These are the published data for a comparable conveying system: Material SiO2, 10 microns, bulk solids throughput 4000 kg/h, gas flow 100 Nm3/h, pipe diameter 65 mm, horizontal pipe length 30 m, pressure loss 0.3 bar (that meets exactly the calculated value).

    Moreover shows the state diagram, that different conveying conditions are possible, so, for instance a lower gas flow at higher pressure loss. How can one say which the stable conveying conditions are? A good example for the wide variation of conveying conditions was published by

    Krambrock, W.: Dichtstromförderung. Chem.-Ing.-Tech. 54(1982)9, S.793-803

    The diagram shows a field of possible conveying conditions at maximum mass flow of bulk solids which lie on the left (upper) border of the state diagram.

    Click image for larger version. 

Name:	MassFlowMax.jpg 
Views:	170 
Size:	35.5 KB 
ID:	32201

    Kind regards
    ManfredH
    Last edited by ManfredH; 25th March 2012 at 14:05.

  8. #8
    Quote Originally Posted by pandaba View Post
    Pressure Drop in Horizontal & Vertical Conveying

    My case is as follows:

    Dia of pipe : 53mm
    Length of pipe : 5m
    Density of solids =2530 kg/m3
    air mass flow rate = 0.0324kg/s
    solid mass flow rate = 1.2184kg/s
    Particle size = 30 micron

    I want to find the pressure drop for this case in horizontal and vertical flow. Can anyone tell me what are pressured drop values . I want to do numerical simulation and compare the results.

    Thanks
    Regards
    PP
    Dear Pandaba,

    Please refer to my article "Theory and Design of Dilute Phase Pneumatic Conveying Systems" for calculating the pressure drop values. In this article you will find that the pressure drop due to the flow of solids depends upon the solids friction factor. Unfortunately, this value has to be determined from actual test data for this solid, there is no analytical method available for its precise calculation. I can give you an approximate value if you send me a small sample.

    Regards,

    Amrit Agarwal
    Pneumatic Conveying Consulting
    polypcc@aol.com

  9. Are friction factors in dense phase conveying really needed?

    Quote Originally Posted by Amrit Agarwal View Post
    Dear Pandaba,

    Please refer to my article "Theory and Design of Dilute Phase Pneumatic Conveying Systems" for calculating the pressure drop values. In this article you will find that the pressure drop due to the flow of solids depends upon the solids friction factor. Unfortunately, this value has to be determined from actual test data for this solid, there is no analytical method available for its precise calculation. I can give you an approximate value if you send me a small sample.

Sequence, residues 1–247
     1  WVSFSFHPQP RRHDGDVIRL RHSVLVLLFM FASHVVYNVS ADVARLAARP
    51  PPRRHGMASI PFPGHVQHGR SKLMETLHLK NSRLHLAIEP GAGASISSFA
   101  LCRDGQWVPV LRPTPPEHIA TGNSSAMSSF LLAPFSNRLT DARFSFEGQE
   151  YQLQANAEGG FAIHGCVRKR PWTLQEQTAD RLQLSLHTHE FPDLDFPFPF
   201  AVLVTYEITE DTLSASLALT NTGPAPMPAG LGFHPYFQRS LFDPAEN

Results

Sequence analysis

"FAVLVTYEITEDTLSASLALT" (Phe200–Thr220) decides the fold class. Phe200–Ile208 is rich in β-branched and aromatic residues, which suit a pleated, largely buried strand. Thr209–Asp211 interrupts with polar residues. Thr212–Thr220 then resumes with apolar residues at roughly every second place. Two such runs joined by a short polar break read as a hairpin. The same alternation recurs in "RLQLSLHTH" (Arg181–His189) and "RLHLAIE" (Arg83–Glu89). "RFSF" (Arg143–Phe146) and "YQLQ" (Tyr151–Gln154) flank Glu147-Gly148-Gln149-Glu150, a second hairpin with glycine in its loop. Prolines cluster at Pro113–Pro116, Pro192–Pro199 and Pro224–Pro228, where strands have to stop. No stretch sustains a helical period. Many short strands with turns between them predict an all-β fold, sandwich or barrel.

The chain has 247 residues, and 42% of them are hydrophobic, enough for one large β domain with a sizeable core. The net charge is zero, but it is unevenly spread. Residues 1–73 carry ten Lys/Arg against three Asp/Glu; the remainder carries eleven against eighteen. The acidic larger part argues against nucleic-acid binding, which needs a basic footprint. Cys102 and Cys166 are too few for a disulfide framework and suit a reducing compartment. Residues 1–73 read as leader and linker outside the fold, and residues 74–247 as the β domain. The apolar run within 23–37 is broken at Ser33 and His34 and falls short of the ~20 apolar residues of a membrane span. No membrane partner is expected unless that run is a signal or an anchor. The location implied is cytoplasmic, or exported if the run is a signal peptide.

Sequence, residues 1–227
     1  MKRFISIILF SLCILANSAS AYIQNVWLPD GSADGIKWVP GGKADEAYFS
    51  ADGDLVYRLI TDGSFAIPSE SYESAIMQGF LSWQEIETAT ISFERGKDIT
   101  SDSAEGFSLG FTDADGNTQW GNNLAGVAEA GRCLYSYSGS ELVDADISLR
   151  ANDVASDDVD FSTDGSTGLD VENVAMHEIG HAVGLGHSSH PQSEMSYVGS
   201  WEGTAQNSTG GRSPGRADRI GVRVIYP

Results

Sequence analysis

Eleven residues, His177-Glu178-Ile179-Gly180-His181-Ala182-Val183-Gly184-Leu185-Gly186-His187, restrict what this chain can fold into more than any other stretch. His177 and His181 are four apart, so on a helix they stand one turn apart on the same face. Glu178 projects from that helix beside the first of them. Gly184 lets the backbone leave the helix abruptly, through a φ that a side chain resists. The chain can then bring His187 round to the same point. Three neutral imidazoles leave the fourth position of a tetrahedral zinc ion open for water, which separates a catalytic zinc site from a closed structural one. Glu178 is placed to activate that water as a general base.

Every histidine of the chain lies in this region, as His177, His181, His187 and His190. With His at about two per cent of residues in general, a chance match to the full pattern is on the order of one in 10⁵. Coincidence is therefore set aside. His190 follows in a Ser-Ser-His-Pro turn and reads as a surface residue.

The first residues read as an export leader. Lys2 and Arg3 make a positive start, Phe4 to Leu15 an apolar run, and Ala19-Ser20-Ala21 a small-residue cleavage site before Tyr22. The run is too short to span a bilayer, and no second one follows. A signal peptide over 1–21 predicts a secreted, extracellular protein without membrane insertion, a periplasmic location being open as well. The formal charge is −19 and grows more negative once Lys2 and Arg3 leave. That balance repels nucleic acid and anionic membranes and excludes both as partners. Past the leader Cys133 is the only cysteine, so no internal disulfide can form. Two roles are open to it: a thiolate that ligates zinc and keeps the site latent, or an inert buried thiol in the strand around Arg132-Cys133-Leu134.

Regards,

    Amrit Agarwal
    Pneumatic Conveying Consulting
    polypcc@aol.com

    Dear Amrit,
    the state diagram, developed by me, does not use friction factors for the calculation of pressure losses, especially in the dense phase conveying of fine materials which are easy to fluidize. As the diagram indicates, is the main factor in such cases the state of the turbulent gasflow and the energy, that is provided through turbulent eddies and pressure gradients, for fluidizing a particular mass of bulk solids, that is thereby kept moving. Published field data show, that even moist sand of 200 microns, that is most likely considered for a cohesive material, fits in the state diagram, but with a very low gas flow rate at high pressure loss (plug conveying?!). For this reasons I am not sure whether at least in my diagram a friction factor is really needed. It is possibly a hidden parameter indicating stable conveying conditions or so.
    Kind regards
    ManfredH
    Last edited by ManfredH; 24th March 2012 at 15:28.

  10. #10
    Join Date
    Sep 13
    Posts
    4
    Hi all

    I have a requiremnt to fluidize coffee and the only information I have is physical properties of coffee.

    I have assumed the drag co-efficient of coffee as 0.1(assuming spherical beans), and calculated the terminal velocity.

    But I have no idea regarding the pick-up velocity or the required pressure drop to convey or fluidize coffee.

    I would really appreciate if anyone can suggest the procedure or a book which can help me more.

    Regards
    Vineet

Page 1 of 2 12 LastLast

Similar Threads

  1. Pressure Drop Calculation for Plastic Pellet Conveying
    By hthtieu in forum Pneumatic Conveying
    Replies: 11
    Last Post: 15th November 2007, 14:39
  2. Pressure Drop in Dense Phase Conveying System
    By guddu in forum Pneumatic Conveying
    Replies: 5
    Last Post: 3rd September 2007, 14:08
  3. Energy Method for Conveying Pressure Drop
    By RJB324 in forum Pneumatic Conveying
    Replies: 1
    Last Post: 4th August 2006, 9:19
  4. Pressure Drop in Vacuum Conveying
    By RJB324 in forum Pneumatic Conveying
    Replies: 6
    Last Post: 13th June 2006, 16:38
  5. Pressure Drop
    By alberto.carrea in forum Pneumatic Conveying
    Replies: 4
    Last Post: 16th December 2004, 4:00

Tags for this Thread

Posting Permissions

  • You may not post new threads
  • You may not post replies
  • You may not post attachments
  • You may not edit your posts
  •  
Single Sign On provided by vBSSO